On the 20th anniversary of World Press Freedom Day this year, UNESCO Director-General, Ms Irina Bokova presented a medal to Mr Alain Modoux in recognition of his pivotal role in the establishment of World Press Freedom Day (WPFD).
“You are the man behind World Press Freedom Day,” said the Director-General, in her remarks delivered when making the award in San Jose, Costa Rica, during with UNESCO’s annual global conference to mark the WPFD.
As Assistant Director-General in charge of UNESCO’s Programme for Freedom of Expression, Democracy and Peace in 1991, Mr Modoux was organized an historic seminar on “Promoting an Independent and Pluralistic African Media” in Windhoek, Namibia that year.
On 3 May, the journalists participating in the event drew up the Windhoek Declaration which highlighted that press freedom should be understood as a media system that is free, pluralistic and independent. They insisted that that this dispensation was essential for to democracy and development.
The Declaration soon became a landmark document in the fight for press freedom around the world. After two years of dedicated advocacy and perseverance by Mr Modoux, that the United Nations General Assembly in 1993 acknowledged the landmark Windhoek statement by adopting the date of its adoption as suitable for the annual occasion of an international day for press freedom.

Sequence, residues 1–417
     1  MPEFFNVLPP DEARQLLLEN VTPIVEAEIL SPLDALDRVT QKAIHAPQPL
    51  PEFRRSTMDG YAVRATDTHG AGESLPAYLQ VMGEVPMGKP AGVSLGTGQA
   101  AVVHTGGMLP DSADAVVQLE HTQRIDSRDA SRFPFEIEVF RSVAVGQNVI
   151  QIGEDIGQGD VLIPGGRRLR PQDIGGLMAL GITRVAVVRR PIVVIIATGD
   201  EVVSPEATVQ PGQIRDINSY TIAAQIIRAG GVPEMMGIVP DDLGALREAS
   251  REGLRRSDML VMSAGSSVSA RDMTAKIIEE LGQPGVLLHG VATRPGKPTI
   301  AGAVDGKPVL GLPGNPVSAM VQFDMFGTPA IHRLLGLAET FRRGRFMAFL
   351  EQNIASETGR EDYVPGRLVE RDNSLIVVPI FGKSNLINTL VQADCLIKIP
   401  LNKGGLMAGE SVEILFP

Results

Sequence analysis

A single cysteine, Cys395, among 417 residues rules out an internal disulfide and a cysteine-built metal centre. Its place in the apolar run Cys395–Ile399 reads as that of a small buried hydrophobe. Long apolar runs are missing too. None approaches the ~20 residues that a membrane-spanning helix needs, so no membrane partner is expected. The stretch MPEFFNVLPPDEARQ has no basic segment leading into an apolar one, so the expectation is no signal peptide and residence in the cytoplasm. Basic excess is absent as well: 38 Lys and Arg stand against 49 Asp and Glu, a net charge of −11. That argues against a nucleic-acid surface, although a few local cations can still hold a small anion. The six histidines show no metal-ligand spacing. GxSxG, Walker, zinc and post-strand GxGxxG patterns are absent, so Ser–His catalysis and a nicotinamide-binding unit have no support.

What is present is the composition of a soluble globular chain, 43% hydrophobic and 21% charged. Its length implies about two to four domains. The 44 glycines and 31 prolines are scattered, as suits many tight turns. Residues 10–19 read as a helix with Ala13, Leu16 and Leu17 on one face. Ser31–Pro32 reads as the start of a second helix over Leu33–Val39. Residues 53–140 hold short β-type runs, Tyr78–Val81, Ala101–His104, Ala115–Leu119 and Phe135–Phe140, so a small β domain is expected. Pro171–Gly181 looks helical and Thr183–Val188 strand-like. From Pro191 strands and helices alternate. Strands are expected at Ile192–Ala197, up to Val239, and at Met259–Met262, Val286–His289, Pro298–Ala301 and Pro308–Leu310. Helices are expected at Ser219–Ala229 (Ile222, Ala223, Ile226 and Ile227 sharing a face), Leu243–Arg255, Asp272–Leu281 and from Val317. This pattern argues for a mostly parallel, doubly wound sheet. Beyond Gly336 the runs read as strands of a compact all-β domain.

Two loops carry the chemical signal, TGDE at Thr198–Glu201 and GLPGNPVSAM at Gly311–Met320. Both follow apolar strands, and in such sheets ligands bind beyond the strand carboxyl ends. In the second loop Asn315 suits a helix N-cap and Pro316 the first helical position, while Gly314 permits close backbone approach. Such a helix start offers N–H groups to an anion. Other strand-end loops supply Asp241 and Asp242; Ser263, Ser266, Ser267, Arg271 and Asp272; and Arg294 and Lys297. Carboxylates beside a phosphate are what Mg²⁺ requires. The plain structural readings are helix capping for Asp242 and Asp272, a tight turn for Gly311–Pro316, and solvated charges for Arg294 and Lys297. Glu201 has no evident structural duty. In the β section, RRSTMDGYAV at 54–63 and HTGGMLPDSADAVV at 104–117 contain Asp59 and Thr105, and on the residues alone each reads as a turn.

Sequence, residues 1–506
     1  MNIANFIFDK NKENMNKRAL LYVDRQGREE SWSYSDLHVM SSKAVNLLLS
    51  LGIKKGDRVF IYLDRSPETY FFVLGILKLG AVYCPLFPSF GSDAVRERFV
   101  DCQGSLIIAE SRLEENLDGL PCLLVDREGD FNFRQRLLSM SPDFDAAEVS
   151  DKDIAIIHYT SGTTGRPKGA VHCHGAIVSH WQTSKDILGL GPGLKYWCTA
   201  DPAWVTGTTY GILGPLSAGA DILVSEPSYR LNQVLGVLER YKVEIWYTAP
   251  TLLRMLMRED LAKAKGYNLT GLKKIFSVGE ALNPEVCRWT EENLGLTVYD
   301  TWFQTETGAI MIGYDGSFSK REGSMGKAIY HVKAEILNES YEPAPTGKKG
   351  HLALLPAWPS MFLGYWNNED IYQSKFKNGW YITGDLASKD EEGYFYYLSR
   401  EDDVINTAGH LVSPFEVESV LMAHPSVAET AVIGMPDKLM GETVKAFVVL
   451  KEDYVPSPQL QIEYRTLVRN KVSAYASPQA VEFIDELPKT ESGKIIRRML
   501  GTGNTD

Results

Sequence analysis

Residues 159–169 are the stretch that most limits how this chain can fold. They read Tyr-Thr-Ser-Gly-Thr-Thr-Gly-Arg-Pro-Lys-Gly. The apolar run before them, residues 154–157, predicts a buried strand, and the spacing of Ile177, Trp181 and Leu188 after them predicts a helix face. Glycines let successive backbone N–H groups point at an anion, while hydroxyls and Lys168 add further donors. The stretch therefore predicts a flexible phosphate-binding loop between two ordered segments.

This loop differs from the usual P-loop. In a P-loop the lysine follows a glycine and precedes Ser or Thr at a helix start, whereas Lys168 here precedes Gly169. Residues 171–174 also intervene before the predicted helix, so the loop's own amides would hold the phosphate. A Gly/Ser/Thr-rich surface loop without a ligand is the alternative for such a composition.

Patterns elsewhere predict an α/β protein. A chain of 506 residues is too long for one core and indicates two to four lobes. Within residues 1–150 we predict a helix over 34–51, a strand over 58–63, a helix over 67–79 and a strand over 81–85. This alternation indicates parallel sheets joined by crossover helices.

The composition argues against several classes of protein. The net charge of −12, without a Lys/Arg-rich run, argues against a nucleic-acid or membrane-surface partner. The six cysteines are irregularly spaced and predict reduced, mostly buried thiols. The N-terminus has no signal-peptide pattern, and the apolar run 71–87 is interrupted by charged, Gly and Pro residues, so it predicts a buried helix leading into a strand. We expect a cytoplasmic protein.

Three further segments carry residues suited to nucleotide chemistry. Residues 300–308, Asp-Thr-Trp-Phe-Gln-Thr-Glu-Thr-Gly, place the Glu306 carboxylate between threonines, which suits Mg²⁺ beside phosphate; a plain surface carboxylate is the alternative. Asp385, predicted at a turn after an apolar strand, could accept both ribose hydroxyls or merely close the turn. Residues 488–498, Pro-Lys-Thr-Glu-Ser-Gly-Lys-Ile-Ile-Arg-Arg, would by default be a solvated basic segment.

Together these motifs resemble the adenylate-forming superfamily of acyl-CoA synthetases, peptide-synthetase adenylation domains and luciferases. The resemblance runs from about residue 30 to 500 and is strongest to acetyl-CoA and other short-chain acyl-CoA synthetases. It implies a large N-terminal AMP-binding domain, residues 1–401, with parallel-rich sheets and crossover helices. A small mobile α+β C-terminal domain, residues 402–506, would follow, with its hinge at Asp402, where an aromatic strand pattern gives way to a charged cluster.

The significance of this General Assembly decision today is that the international community now sets aside 3 May each year as a special time to celebrate and advance press freedom and freedom of expression around the world.
Since 1993, UNESCO has led the global observations of World Press Freedom Day by holding a global conference in a selected country and promoting a global theme appropriate to each year. In 2013, the theme has been “Safe to Speak: Securing Freedom of Expression in All Media” and the main event co-hosted by UNESCO, the Government of Costa Rica, and the University for Peace.
At the same time, World Press Freedom Day has also evolved into a truly global event with celebrations taking place as a result of many independent initiatives in over 100 different countries annually.
In celebration of the 20th anniversary of World Press Freedom Day, UNESCO has published a commemorative book “Pressing for Freedom: 20 Years of World Press Freedom Day”. Mr Modoux’s account of his work to establish this day on the international calendar can be read in the publication.